Have you ever looked at a snapshot and in one split second memories rushed into your heart? These memories did more than prod your mind. They created emotion. Or better said, they opened the door to emotion already there. This happened yesterday. Only I wasn't looking at a snapshot. Rather, I was looking at a yellow piece of paper.
Yesterday, our office manager checked the voice mail just before the assembly began. She heard one message which caught her attention in particular. She handed me the yellow piece of note paper with the details. I saw a woman's name and then the news that her son had died the day before. Life as a young adult had been very difficult for him for a lot of reasons. Now his brief life on this earth was over.
This was like looking at a snapshot. I immediately thought about earlier years when she and her husband and their son Michael were a part of our church family. I was a young minister in Alabama. They were a little older than us. A sweet couple who worked hard, paid their bills, and loved their young minister and his wife. They smiled a lot, loved our two small children, and were just "there." They were present in a very important way. Steady. Constant. Not fickle. Not demanding. They were friends.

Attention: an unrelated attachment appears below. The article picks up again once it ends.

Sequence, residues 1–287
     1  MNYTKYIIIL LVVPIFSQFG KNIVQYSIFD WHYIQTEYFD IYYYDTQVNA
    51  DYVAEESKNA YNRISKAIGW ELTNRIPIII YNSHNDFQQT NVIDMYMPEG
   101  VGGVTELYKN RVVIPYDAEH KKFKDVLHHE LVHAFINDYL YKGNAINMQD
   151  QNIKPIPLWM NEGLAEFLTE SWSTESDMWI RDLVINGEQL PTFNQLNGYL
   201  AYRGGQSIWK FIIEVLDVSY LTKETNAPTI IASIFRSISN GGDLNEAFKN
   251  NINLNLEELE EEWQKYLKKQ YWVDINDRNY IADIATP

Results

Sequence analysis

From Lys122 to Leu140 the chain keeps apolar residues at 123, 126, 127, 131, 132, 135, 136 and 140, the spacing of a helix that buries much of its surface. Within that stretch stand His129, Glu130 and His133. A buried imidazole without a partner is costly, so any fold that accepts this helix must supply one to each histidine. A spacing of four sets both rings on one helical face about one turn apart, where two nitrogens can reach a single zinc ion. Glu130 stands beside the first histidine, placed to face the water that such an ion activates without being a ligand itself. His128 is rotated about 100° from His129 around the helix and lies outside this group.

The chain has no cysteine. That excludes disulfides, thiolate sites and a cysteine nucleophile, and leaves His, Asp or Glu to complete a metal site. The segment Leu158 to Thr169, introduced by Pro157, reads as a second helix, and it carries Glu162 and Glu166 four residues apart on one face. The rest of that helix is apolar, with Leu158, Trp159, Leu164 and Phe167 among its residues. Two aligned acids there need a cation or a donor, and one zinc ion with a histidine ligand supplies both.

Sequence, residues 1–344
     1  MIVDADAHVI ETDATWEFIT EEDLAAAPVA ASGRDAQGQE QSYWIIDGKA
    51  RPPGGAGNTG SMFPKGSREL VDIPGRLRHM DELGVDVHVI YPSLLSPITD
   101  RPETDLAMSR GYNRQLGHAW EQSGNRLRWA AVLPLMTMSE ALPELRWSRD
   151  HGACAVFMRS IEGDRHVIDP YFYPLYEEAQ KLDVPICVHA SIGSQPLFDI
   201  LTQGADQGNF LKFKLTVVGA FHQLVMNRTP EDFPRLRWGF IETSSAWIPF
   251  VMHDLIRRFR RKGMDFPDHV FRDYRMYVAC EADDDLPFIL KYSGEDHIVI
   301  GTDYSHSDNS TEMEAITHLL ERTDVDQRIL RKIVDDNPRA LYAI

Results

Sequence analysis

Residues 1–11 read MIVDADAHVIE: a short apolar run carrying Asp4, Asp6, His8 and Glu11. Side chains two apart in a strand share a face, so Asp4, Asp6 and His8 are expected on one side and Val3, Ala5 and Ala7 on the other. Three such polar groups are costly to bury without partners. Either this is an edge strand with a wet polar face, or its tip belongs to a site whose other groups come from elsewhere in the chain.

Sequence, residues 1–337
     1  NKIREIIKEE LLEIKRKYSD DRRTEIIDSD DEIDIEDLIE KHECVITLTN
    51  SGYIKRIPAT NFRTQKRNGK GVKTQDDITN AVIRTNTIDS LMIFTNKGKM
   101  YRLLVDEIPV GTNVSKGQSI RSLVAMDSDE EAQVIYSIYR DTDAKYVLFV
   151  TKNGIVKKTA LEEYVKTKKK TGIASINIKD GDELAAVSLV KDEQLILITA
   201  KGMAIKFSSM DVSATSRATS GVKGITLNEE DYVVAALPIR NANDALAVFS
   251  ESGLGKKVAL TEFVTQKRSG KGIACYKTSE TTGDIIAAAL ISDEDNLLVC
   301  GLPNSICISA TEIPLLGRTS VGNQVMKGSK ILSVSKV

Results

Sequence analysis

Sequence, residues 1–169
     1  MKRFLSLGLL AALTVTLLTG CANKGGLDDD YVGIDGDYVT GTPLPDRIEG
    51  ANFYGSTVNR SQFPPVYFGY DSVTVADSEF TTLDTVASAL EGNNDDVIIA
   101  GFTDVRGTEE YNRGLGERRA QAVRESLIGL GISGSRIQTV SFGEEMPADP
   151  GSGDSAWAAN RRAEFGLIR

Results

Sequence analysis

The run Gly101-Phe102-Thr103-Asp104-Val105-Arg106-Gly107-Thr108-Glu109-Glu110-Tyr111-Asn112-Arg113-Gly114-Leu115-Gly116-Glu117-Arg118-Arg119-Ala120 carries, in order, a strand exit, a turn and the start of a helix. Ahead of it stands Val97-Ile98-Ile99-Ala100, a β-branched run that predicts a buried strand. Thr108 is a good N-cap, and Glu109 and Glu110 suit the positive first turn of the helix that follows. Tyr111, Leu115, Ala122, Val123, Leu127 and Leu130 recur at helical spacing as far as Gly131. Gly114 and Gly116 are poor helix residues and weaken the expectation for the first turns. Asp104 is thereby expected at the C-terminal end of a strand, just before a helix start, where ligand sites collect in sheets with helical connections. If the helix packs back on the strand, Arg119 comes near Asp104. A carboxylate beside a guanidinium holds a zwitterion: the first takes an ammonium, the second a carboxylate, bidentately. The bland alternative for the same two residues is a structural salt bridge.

This woman has had a tough life. Her husband had one stroke in his forties and then another stroke and then died. Now she will do what every parent dreads. Today, she will bury her child. A very young man and her only child. (I think of Jesus' encounter with the widow at Nain (Luke 7:11-17) after she had lost not just her husband but her only son as well).
I spoke with her yesterday afternoon. The conversation had to be brief. I told her how much Charlotte and I loved her and her husband and son. She said, "Those were really good times weren't they?"
I don't have any photographs of them. But I do have an entire photograph album etched in my mind. Recalling those names. Hearing her voice. Thinking about our almost eight years with a church in Alabama. These cause me to see pictures again. Pictures of friends and important moments that will always be there.
1. I want to remember these are hours and minutes and seconds never to be repeated. How are you using this time? Will today be a part of someones good memories later on? Or will you blow through the day, focused on your agenda, your list, your desires, etc.? Everyday, I have a choice as to how I am going to treat the people in my life.
2. I want to remember that my family and friends are expressions of God's grace. Do I take them for granted, acting as if they owe me something? Do I need to express my love an appreciation to a friend for just being there? Who are the people whose very presence have added so much to my life?
(A suggestion. Is there someone who you need to call today? Someone who you need to e-mail? Is there someone who called you, perhaps a longtime friend and you never followed up by returning the call or e-mailing back? Why not take the initiative today to connect with someone in your family or a long time friend?)